U.S. Army Gen. Dan McNeill briefs reporters on stability and security operations in Afghanistan (Associated Press)/J. Scott Applewhite)

Editor's Note: This article originally appeared on Business Insider.

The United States has been fighting in Afghanistan with no clear strategy for nearly two decades, a collection of documents obtained by The Washington Post reveal.

"I tried to get someone to define for me what winning meant, even before I went over, and nobody could," retired Army Lt. Gen. Dan McNeill, who served as the commander of American and coalition forces in Afghanistan told U.S. government interviewers, the documents show.

"Nobody would give me a good definition of what it meant," added McNeill, who commanded US troops in Afghanistan in 2002 and 2003, and the NATO coalition in 2007 and 2008.

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Afghan security forces inspect the site of an attack in a U.S. military air base in Bagram, north of Kabul, Afghanistan December 11, 2019. (REUTERS/Mohammad Ismail)

KABUL (Reuters) - Suicide bombers struck the main U.S. military base in Afghanistan on Wednesday, killing at least one person and injuring scores in a major attack that could scupper plans to revive peace talks between the United States and the Taliban.

The Taliban claimed responsibility for the attack, which struck the Bagram air base north of Kabul.

"First, a heavy-duty Mazda vehicle struck the wall of the American base," said Zabihullah Mujahid, a Taliban spokesman. "Later several mujahideen equipped with light and heavy weapons were able to attack the American occupiers."

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Defense Secretary Mark T. Esper delivers remarks before ringing the closing NASDAQ bell for Veterans Day in New York, New York, November 11, 2019. Picture taken November 11, 2019. (DoD/Lisa Ferdinando/Handout via Reuters)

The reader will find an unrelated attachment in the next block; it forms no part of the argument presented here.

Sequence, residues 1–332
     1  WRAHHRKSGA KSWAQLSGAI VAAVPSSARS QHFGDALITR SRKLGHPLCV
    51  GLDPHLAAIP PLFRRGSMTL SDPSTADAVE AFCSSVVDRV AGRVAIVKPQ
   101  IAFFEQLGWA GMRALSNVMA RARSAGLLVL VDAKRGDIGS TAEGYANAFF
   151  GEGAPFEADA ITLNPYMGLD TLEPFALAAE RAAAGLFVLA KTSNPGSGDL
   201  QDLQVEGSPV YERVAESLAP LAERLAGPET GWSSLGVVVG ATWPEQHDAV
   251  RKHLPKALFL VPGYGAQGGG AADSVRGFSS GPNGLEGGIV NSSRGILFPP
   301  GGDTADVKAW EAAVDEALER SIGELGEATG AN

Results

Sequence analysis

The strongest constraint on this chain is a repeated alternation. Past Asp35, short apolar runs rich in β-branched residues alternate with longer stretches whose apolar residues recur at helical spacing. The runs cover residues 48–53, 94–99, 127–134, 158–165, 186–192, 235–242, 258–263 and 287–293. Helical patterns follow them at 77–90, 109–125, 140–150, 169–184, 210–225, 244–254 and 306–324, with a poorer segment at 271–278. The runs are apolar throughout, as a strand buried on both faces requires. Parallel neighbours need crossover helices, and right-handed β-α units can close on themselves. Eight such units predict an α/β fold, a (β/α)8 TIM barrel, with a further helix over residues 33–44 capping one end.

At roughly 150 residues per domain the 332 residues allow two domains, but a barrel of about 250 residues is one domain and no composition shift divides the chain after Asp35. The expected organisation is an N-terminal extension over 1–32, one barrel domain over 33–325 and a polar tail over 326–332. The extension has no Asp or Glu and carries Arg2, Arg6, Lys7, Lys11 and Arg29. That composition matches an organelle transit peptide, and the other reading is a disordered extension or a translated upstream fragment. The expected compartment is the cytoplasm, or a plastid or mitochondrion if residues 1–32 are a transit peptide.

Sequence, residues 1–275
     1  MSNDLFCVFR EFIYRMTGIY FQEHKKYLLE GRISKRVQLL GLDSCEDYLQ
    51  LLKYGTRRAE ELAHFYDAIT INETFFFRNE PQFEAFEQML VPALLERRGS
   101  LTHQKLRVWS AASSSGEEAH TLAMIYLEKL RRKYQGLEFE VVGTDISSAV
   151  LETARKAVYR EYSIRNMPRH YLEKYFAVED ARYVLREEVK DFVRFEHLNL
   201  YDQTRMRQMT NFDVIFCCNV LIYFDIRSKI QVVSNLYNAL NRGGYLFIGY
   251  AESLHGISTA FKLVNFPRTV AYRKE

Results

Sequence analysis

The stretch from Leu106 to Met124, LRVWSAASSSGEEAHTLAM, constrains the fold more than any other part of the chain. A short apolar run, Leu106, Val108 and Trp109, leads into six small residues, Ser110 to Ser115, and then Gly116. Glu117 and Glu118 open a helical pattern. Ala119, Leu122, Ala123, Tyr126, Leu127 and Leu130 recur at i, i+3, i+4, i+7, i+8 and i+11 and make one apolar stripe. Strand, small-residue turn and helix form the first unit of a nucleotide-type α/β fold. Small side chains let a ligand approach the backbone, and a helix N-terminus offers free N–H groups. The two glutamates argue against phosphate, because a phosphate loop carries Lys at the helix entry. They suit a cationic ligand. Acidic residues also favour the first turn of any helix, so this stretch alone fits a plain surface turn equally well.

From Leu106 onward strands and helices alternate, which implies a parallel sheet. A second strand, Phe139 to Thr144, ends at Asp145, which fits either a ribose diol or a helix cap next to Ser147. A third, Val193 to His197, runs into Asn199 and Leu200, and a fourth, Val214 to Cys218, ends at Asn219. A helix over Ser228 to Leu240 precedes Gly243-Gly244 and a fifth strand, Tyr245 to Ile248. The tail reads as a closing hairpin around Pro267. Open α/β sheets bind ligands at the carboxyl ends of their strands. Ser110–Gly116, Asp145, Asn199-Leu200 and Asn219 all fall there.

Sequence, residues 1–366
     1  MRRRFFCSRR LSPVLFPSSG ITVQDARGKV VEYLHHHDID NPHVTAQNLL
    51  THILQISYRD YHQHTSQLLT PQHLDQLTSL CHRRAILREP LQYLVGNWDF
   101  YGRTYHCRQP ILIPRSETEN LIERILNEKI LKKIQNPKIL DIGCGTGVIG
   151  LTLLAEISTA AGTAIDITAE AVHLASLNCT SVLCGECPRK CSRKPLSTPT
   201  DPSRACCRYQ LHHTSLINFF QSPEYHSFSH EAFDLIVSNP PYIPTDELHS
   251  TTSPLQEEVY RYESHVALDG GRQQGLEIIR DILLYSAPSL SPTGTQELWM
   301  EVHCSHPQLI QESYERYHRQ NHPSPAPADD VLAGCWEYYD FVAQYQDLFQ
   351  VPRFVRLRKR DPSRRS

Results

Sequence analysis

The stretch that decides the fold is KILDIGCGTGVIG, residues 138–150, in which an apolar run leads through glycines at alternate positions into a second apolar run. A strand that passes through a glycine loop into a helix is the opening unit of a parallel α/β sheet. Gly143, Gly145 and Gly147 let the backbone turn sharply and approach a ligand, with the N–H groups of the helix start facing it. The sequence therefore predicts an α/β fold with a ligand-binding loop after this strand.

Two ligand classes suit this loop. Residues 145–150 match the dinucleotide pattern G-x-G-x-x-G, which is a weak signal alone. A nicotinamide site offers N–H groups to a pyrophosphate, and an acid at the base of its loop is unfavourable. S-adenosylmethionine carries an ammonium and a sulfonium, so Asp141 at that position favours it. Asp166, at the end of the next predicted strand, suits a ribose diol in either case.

LONDON (Reuters) - Defense Secretary Mark Esper said on Monday that any future troop drawdowns in Afghanistan were "not necessarily" linked to a deal with Taliban insurgents, suggesting some lowering of force levels may happen irrespective of the ongoing peace push.

The remarks by Esper in an interview with Reuters came on the heels of a Thanksgiving trip last week to Afghanistan by President Donald Trump, who spoke of potential troop reductions and said he believed the Taliban insurgency would agree to a ceasefire in the 18-year-old war.

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Navy SEAL-turned-congressman Rep. Dan Crenshaw (R-Tex.) believes the United States should maintain a permanent military presence in Afghanistan similar to bases in former war zones such as Germany, Japan, and South Korea in order to prevent terrorist groups from plotting the next 9/11-style attack on U.S. soil.

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The Defense Department is exploring its options to completely withdraw all U.S. troops deployed in Afghanistan, in the event President Donald Trump abruptly makes the decision, according to NBC News.

The ongoing planning, which was not explicitly directed by the White House, includes procedures for a completely withdrawal of U.S. forces within weeks, current and former officials reportedly said.

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U.S. Defense Secretary Mark Esper addresses reporters during a media briefing at the Pentagon in Arlington, Virginia, U.S., October 11, 2019. (Reuters/Erin Scott)

KABUL (Reuters) - U.S. Defense Secretary Mark Esper arrived in Afghanistan on Sunday in a bid to bring talks with the Taliban back on track after President Donald Trump abruptly broke off negotiations last month seeking to end the United States' longest war.

Esper's trip to Kabul comes amid questions about the United States' commitments to allies after a sudden withdrawal of U.S. troops from northeastern Syria and Trump's long-time desire to get out of foreign engagements.

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